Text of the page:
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The American Legion Burton Potter Post 185 opened for the first public skate Sunday with nearly 150 skaters showing up. (Credit: Grant Parpan)

On the morning of her 62nd birthday, Dottie Stevens’ family asked how she’d like to celebrate.

The longtime Greenport resident thought for a moment before recalling the day offered a long lost opportunity in her community.

“I want to go roller skating,” she told them.

She wasn’t alone.

The Burton Potter American Legion Post 185 reopened for its first public skating session in more than a decade Sunday and nearly 150 community members returned to the Third Street building. For some, it was the first time they’d ever laced up skates. For others, it was an afternoon of memories flooding back. 

Longtime rink instructor Bumpy Grilli adjusts the sign at the end of the men’s only session Sunday. He’s worked at the Legion hall since 1952. (Credit: Grant Parpan)

Perhaps no one has spent more time on the rink than 82-year-old Bumpy Grilli of Greenport. An instructor there since 1952, he returned to work Sunday to find the “ambience of  a roller rink” doesn’t change.

This is the second major renovation Grilli has seen at the American Legion after it burned down in a fire the year he started working there. The post was rebuilt the following year and it remained in operation until 2007.

In 2011, restoration efforts began again, thanks in large part to the late George Costello, a Vietnam veteran and longtime member of the post. The renovations hit a snag after the building suffered damage from Hurricane Sandy in October 2012.

In an interview earlier that year, Mr. Costello told The Suffolk Times he was “looking forward to seeing hundreds of little kids roller skating, just as I did.” While he didn’t live to see the work complete, those kids skated on a rink named for him Sunday.

A chalk drawing of George Costello from local artist Kara Hoblin hangs over the rink. (Credit: Grant Parpan)

For longtime rink staffers like Grilli and Chatty Allen those “kids” were the sons and daughters — and in some cases grandchildren — of past skaters.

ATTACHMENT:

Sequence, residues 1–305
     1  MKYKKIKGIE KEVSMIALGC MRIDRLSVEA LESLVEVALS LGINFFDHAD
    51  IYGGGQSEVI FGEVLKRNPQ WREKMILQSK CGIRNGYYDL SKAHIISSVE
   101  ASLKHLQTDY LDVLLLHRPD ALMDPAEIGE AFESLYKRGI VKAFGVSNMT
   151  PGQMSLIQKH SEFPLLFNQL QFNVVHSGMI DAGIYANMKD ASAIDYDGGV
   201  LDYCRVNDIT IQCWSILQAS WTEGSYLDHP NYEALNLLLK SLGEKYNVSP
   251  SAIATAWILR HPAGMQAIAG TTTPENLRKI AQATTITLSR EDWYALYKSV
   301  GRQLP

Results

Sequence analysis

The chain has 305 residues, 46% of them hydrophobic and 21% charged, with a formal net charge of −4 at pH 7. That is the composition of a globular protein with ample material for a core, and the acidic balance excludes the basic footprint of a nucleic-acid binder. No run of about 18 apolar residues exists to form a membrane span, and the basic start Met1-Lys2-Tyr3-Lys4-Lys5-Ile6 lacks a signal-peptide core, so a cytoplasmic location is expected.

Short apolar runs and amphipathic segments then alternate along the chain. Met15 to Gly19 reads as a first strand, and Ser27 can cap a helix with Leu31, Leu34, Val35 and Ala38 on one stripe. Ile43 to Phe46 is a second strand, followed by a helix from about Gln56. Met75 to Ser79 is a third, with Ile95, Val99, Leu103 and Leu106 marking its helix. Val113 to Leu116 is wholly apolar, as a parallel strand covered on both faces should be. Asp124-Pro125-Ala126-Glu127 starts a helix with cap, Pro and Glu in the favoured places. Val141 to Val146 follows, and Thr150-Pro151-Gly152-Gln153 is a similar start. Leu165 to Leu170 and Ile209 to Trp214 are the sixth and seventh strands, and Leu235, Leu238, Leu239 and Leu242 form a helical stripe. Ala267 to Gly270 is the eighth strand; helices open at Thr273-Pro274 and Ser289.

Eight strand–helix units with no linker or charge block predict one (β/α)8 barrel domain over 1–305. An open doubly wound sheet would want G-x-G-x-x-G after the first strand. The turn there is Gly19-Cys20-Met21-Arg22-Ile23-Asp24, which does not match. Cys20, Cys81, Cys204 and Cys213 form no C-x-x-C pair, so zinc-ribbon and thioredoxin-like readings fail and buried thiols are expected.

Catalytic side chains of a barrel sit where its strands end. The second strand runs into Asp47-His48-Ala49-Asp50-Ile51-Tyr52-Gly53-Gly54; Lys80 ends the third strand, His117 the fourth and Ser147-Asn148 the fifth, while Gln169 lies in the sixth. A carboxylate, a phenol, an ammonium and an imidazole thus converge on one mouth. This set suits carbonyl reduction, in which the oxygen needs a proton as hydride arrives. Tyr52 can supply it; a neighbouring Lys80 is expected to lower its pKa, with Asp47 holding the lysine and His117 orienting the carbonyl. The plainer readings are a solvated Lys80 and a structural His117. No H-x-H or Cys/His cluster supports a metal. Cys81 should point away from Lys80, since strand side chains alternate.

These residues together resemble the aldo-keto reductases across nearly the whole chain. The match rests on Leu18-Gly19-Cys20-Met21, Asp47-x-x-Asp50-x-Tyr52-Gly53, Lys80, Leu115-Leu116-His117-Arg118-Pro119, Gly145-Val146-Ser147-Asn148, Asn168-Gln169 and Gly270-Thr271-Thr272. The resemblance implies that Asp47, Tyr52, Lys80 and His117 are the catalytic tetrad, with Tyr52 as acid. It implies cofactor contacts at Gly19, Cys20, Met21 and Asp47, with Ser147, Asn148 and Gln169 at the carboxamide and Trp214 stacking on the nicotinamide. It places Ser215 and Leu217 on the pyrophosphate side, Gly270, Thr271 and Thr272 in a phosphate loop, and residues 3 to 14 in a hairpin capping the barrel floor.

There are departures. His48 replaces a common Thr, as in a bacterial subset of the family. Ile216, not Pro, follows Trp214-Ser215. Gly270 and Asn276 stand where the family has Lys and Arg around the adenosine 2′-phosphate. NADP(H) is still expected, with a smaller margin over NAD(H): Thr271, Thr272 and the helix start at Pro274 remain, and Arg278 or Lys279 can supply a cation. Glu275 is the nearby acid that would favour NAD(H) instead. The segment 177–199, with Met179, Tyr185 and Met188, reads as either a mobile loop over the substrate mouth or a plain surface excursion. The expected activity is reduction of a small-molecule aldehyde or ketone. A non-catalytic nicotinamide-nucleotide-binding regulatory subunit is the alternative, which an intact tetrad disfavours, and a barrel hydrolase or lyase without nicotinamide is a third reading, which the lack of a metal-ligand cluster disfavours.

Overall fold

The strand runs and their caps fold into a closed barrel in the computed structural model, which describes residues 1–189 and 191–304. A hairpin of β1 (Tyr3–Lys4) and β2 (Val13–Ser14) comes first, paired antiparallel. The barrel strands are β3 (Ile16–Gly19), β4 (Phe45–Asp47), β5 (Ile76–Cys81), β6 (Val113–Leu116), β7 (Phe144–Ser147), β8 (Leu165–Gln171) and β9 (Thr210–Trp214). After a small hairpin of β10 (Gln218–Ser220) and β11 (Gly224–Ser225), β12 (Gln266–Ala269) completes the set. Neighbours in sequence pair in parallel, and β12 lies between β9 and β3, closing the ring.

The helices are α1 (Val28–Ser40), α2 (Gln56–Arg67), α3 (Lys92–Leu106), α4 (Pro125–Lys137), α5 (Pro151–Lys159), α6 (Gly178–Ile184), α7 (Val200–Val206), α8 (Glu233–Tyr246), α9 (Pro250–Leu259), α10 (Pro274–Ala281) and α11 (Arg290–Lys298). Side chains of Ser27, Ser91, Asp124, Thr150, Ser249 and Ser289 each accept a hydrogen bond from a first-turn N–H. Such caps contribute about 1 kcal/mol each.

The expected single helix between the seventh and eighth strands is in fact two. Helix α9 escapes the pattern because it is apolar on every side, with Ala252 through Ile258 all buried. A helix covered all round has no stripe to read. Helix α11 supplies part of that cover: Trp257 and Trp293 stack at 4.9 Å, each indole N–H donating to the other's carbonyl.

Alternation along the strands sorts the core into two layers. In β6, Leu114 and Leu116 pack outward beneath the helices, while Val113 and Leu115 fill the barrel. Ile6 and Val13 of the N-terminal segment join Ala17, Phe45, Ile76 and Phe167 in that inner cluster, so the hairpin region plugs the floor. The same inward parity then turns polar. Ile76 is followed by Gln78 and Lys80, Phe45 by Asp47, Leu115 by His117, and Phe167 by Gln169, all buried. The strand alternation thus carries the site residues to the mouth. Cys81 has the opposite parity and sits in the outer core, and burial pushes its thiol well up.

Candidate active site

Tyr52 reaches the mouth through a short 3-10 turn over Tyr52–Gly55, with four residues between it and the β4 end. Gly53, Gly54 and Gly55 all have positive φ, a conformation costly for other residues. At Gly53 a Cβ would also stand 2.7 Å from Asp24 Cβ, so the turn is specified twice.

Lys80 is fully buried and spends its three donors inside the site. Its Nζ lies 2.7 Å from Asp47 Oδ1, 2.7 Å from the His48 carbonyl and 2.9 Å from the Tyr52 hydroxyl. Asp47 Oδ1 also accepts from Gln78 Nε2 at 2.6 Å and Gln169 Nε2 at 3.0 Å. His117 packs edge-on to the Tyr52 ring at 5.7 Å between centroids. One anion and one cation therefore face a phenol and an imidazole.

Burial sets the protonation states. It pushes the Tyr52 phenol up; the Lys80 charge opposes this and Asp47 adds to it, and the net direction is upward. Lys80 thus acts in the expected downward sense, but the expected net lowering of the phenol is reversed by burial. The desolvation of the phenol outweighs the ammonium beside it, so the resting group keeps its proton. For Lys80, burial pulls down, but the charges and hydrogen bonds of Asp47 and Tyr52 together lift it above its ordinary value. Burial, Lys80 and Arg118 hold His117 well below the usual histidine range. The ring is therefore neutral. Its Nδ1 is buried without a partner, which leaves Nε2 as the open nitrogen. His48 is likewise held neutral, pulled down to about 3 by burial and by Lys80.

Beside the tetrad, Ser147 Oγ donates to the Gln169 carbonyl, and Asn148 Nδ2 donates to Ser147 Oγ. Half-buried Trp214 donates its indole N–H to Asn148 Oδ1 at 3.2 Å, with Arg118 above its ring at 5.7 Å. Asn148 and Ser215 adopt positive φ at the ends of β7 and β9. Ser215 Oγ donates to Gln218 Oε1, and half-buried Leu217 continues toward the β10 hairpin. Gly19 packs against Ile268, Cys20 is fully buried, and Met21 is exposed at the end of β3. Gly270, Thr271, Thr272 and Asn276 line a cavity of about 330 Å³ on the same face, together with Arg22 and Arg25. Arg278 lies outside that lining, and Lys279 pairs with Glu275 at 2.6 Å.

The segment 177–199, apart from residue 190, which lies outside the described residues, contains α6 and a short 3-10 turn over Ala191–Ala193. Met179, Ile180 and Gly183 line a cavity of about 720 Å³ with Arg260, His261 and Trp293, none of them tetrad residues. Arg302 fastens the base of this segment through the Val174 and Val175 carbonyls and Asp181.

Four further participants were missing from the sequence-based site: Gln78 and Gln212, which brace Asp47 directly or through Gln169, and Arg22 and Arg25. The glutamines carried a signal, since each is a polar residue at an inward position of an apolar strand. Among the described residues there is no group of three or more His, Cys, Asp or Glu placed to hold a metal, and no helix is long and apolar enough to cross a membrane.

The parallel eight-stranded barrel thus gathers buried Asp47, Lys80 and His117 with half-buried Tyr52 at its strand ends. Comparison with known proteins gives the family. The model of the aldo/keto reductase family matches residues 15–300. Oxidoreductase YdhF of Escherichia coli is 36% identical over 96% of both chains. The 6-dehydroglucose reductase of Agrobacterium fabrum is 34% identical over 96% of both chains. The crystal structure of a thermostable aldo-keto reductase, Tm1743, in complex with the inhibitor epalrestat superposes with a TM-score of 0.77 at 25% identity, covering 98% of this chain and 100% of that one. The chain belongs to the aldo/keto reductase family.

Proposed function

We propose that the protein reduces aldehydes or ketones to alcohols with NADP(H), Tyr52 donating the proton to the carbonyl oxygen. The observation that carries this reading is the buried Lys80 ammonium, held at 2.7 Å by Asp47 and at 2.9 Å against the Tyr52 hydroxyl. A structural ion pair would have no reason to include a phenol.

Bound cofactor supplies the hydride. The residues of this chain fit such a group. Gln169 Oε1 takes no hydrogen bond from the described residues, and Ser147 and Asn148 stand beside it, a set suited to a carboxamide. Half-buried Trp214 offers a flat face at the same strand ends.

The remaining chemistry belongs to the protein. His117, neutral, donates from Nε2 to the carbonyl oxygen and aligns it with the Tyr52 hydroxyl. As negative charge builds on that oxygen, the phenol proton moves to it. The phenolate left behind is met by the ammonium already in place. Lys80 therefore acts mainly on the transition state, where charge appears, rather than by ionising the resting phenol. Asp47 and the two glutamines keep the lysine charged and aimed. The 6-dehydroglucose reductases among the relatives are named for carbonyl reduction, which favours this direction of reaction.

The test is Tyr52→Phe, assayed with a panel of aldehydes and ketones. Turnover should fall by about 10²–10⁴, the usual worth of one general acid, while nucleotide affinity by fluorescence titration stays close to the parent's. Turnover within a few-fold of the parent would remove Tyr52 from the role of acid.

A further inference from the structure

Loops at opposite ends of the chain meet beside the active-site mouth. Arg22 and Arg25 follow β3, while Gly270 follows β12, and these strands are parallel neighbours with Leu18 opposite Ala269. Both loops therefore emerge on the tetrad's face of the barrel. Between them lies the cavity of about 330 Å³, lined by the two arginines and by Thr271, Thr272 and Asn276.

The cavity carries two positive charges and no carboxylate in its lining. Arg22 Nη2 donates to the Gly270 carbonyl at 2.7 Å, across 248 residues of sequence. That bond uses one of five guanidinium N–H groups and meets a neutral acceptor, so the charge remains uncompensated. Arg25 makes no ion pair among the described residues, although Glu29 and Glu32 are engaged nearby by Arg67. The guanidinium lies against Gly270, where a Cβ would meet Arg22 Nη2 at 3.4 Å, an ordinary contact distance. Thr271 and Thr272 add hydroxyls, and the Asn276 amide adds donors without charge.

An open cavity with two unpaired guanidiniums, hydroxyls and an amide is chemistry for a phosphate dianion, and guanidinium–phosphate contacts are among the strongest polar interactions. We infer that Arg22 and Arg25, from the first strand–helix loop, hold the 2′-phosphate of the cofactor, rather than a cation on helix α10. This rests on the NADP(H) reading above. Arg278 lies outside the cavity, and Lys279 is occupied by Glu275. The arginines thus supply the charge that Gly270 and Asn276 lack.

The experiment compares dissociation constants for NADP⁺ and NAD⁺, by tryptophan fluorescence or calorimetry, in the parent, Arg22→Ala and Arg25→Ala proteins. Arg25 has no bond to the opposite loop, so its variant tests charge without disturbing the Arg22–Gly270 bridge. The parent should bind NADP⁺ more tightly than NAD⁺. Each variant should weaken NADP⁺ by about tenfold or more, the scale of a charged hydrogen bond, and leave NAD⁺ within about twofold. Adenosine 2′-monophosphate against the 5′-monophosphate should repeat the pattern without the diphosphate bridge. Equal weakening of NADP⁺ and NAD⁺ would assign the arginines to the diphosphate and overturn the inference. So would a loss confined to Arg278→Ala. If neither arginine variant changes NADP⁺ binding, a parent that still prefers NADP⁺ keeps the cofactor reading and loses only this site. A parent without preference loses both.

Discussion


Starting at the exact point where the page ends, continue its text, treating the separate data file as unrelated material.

“Some of them were coming up to me saying ‘I don’t know if I remember how [to skate],” Allen said. “I told them ‘It will come right back to you.'”

That was certainly the case for Riverhead’s Louise Wilkinson, who remarked that she remembered visiting decades ago and could be found circling the rink for nearly the full three hours it was open Sunday.

Of course, in classic roller rink fashion, everyone had to clear the floor a couple times for special skates, like the men’s-and ladies-only sessions DJ Tim Mason called out as Grilli manually adjusted the classic sign on the wall to signal the changes.

For most of the three hours, though, the rink was filled with families rolling to classic skating jams like “Don’t Stop ‘Til You Get Enough” and more recent hits like “Happy.” And the smiles continued into the early evening. Even as the little ones wiped out, they picked themselves up, dusted off and kept the wheels spinning.

“I love teaching the young kids to skate,” Grilli said. “I missed that.”

A group of girls holds hands as they skate around the rink Sunday. (Credit: Grant Parpan)

American Legion general manager Mindy Ryan said the rink’s next public skate will be held this Sunday, March 18 from 1 to 4 p.m. Admission is $5 with skate rentals costing an additional $5.

The Legion is also hosting a fundraiser Friday, March 16 at 7:30 p.m. with live music from The HooDo Loungers and sketch comedy. Tickets are $25.

Ryan said the skating hours will be set on a weekly basis to allow for other community events — and private events like weddings — to take place at the hall.

On opening day, however, it was all about local families having fun — and there was no bigger party present than the Stevens clan.

Dotty celebrated her birthday at the rink with seven of her children and three grandchildren. Like with so many others skating Sunday, it was a trip back in time in their hometown.

“First there was the Porters [basketball team] winning [the regional championship Saturday],” Stevens said. “The community is so excited about that. And now we have our roller rink back. These are the types of things that make this place great.”

(Credit: Grant Parpan)
(Credit: Grant Parpan)
(Credit: Grant Parpan)
(Credit: Grant Parpan)


Big windows provide lots of natural lighting in the building. (Credit: Grant Parpan)
(Credit: Grant Parpan)
(Credit: Grant Parpan)


Dottie Stevens skates with one of her daughters during her impromptu birthday party at the rink. (Credit: Grant Parpan)
A service dog. (Credit: Grant Parpan)


(Credit: Grant Parpan)
(Credit: Grant Parpan)


(Credit: Grant Parpan)
Everyone needs a little help sometimes. (Credit: Grant Parpan)
(Credit: Grant Parpan)
Slowly but surely this young skater got the hang of it. (Credit: Grant Parpan)
Young Nhyla Stevens has her first skate. (Credit: Grant Parpan)
The crowd was dancing the afternoon away. (Credit: Grant Parpan)
A young boy holds on for dear life. (Credit: Grant Parpan)
The classic sign at the rink. (Credit: Grant Parpan)
DJ Tim Mason kept the party going. (Credit: Grant Parpan)
Guests marveled at the updated building Sunday with its wood ceiling and soft skating surface. (Credit: Grant Parpan)